Specialized network monitoring tools allow IT teams to measure device use and spot suspicious behavior.
“We’d missed it previously with a standard vulnerability scanner because it was a portable device that wasn’t active at the time we did the scan,” Foss says. The team has identified devices that were improperly configured or still use passwords original to the default settings.
In an administrative context, network monitoring tools can track device usage patterns that inform financial and operational efficiencies.
If a department says it needs a new MRI machine, “you can go in and look at the data and see if they really do,” Foss says. But if a system review shows that two MRI machines sit dormant 75 percent of the time, “then maybe it isn’t necessary to purchase a new one right now. Maybe we should try to use what we have more effectively.’”
READ MORE: Learn about challenges and best practices for protecting Internet of Medical Things devices.
Monitoring Solutions Make for an Evolving Defense
A similar approach to surveillance is embraced by Kevin Rothstein, a network engineer for Sharp HealthCare, which operates six hospitals and dozens of outpatient facilities in San Diego.
Sharp has about 70,000 connected endpoints across its network, Rothstein estimates. He and his fellow IT engineers devote much of their monitoring efforts to network testing and troubleshooting — “things like trying to figure out why an application is slow” — but they’ve bolstered security measures to prioritize device performance and patient care as well.
Their tools: SolarWinds’ Orion Platform, which provides enterprise-level insight on how users and applications consume network bandwidth, as well as Splunk and HPE Aruba AirWave platforms to monitor the organization’s firewalls and gain deep visibility into mobile devices and apps.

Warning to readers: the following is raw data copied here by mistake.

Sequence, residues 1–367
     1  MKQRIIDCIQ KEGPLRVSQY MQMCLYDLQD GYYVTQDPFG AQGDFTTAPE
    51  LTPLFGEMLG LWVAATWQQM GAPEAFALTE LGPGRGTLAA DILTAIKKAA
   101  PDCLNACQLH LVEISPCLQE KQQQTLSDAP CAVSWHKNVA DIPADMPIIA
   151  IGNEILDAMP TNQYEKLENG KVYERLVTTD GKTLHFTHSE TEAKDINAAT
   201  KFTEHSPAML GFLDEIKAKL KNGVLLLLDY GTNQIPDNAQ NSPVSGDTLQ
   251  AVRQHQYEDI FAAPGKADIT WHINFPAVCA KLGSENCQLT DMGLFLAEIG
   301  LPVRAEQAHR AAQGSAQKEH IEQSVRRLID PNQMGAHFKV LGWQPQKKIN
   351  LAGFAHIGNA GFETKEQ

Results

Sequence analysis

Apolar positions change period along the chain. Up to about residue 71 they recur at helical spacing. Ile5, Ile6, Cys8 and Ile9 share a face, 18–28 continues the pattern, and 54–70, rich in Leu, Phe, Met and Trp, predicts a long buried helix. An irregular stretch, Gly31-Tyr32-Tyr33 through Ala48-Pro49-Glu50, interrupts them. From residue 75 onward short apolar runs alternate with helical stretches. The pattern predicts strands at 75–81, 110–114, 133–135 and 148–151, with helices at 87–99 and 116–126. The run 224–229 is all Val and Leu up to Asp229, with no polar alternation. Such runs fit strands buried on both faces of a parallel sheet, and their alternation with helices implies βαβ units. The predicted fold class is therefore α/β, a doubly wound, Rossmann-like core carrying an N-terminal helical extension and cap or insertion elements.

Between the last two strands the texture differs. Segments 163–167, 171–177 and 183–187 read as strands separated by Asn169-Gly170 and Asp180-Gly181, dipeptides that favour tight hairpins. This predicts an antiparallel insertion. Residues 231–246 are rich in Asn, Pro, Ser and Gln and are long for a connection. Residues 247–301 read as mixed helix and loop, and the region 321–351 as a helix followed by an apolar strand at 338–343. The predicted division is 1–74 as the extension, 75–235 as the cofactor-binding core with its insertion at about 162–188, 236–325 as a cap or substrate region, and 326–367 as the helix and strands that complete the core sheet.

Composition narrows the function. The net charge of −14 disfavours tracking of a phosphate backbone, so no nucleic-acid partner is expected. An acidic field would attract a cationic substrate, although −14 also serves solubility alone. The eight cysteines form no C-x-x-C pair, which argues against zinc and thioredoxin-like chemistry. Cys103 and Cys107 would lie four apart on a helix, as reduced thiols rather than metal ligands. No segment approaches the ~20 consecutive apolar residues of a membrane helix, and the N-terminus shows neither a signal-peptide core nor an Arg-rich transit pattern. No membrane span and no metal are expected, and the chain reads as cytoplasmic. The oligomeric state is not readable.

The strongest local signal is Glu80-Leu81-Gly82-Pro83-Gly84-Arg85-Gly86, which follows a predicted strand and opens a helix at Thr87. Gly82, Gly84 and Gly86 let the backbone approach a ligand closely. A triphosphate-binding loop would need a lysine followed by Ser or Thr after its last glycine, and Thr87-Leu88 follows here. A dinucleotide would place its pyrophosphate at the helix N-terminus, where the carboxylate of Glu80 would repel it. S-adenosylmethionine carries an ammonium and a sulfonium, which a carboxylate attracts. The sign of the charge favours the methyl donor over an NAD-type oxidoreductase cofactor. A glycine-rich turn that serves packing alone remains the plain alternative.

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These solutions run the gamut “from general-purpose tools that give us the big-picture view of what’s happening on our network,” Rothstein says, to systems that “get us much more detailed information — the stuff we need when we want to do a deep dive.”
Still, all monitoring endeavors have a shared DNA, regardless of circumstance or medical specialty. In radiation oncology, “there’s equipment that’s critical from a patient safety perspective, so we make sure they’re on an isolated network,” Rothstein says.
The monitoring tools, he adds, put a greater focus on malware and related threats, “so if we do run into trouble, we can stop it from spreading and quarantine accordingly.”
Rothstein describes Sharp’s initiatives as “constantly evolving” and dedicated to continuous improvement. Building redundancy into monitoring systems to ensure coverage is a central part of that work, as is leveraging new technologies capable of processing network data in real time.
Taken together, those strategies are key to stopping the next threat, large or small, as well as to ensuring optimal experiences for patients and staff.
“We’re always trying do better,” Rothstein says. “Sometimes it’s the things we can learn from these tools that help us get that next monitoring win.”
Photography By Steve Craft